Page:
This is mom at about five years old.
It was long before she made the vow that changed her name, before balanced meal moderator duty, before matching five different people's multiple pairs of socks post-laundry, and before preventing four kids from strangling each other daily.
Even as an adult, it's still hard for me to imagine her as something other than Mom.
Maybe she had those days when it was hard for her to imagine it too.
I wonder if that season seemed a distant memory as she was elbow-deep in cloth diapers, or waiting at my brother's hospital bedside while he recovered from one his many surgeries at Children's Hospital, or realizing that every thought, every decision she would ever make would be tied to our best interest.
I wonder if she giggled at herself amidst the chaos of four children, absent mindedly signing her maiden name on a permission slip, quarterly grade report or some other piece of paper that we kids always seemed to be pushing in front of her. (Heck, we've only got one kid and I've signed Rochelle Dukes at least five times in the past ten years. But don't tell Jamie that.)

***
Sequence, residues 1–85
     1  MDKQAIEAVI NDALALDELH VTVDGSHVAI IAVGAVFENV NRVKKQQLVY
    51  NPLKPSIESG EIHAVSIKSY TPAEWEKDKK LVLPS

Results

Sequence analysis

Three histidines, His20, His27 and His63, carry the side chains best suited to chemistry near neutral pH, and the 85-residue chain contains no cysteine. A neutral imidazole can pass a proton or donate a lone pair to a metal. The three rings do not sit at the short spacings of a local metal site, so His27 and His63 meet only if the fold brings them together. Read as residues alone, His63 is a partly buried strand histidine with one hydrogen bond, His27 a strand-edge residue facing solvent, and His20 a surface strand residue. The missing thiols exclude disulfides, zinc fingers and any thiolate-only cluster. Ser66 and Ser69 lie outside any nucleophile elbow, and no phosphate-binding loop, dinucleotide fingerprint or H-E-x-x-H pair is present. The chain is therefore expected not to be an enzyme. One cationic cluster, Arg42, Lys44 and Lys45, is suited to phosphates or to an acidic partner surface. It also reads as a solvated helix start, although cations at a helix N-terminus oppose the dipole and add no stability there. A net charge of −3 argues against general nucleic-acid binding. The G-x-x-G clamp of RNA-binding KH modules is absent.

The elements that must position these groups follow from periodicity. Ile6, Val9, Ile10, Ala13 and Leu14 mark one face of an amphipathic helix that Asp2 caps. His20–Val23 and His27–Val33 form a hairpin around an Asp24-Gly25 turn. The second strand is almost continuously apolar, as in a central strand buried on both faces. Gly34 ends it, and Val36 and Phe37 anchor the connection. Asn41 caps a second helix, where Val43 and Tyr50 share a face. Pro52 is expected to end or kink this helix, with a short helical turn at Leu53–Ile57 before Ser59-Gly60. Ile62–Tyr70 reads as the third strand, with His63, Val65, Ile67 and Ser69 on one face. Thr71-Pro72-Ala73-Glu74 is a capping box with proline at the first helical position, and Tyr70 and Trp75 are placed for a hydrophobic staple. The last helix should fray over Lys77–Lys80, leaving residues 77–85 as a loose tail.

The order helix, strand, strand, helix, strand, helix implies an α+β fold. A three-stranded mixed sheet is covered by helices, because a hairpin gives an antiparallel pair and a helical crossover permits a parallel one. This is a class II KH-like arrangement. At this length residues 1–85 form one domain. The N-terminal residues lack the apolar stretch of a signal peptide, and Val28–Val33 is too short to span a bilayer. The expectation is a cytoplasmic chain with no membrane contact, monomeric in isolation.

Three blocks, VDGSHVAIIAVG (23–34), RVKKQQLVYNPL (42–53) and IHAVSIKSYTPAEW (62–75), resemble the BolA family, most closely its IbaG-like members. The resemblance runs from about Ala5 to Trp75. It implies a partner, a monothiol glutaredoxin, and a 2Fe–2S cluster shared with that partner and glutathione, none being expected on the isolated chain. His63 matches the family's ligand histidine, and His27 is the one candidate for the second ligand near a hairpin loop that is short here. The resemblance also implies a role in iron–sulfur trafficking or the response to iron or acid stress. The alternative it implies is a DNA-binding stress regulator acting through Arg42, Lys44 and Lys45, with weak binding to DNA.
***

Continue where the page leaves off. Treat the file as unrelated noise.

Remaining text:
The writer in me wonders if she would've lassoed all those thoughts and blogged about them had she lived in our Information Oversharing Age. I wish I could know, but her reflections, her joys, her misgivings, her shining moments couldn't be bequeathed to me or anyone else.
These thoughts always creep up around Mother's Day, but this year especially as I, for the first time ever, will read some of the drivel I drivel about here in the blogosphere in a live performance. The reading will be included as one of the pieces about motherhood in Milwaukee's inaugural Listen to Your Mother Show; which is now a little more than two weeks out.
Sometimes I'm excited about being able to say out loud the thoughts that my mom most likely kept unspoken about the motherhood journey. Then the next minute, my palms are sweating, my knees are knocking and my face is hot over it...unless that's just perimenopause tapping on my shoulder.
Whatever happens - clammy hands, wobbly knees, sweaty upper lip and all - I'll tell the mother experience from my vantage point....and wonder if even a little of it will give voice to my mom's story as well.
May 5, 2013; 3p at Alverno College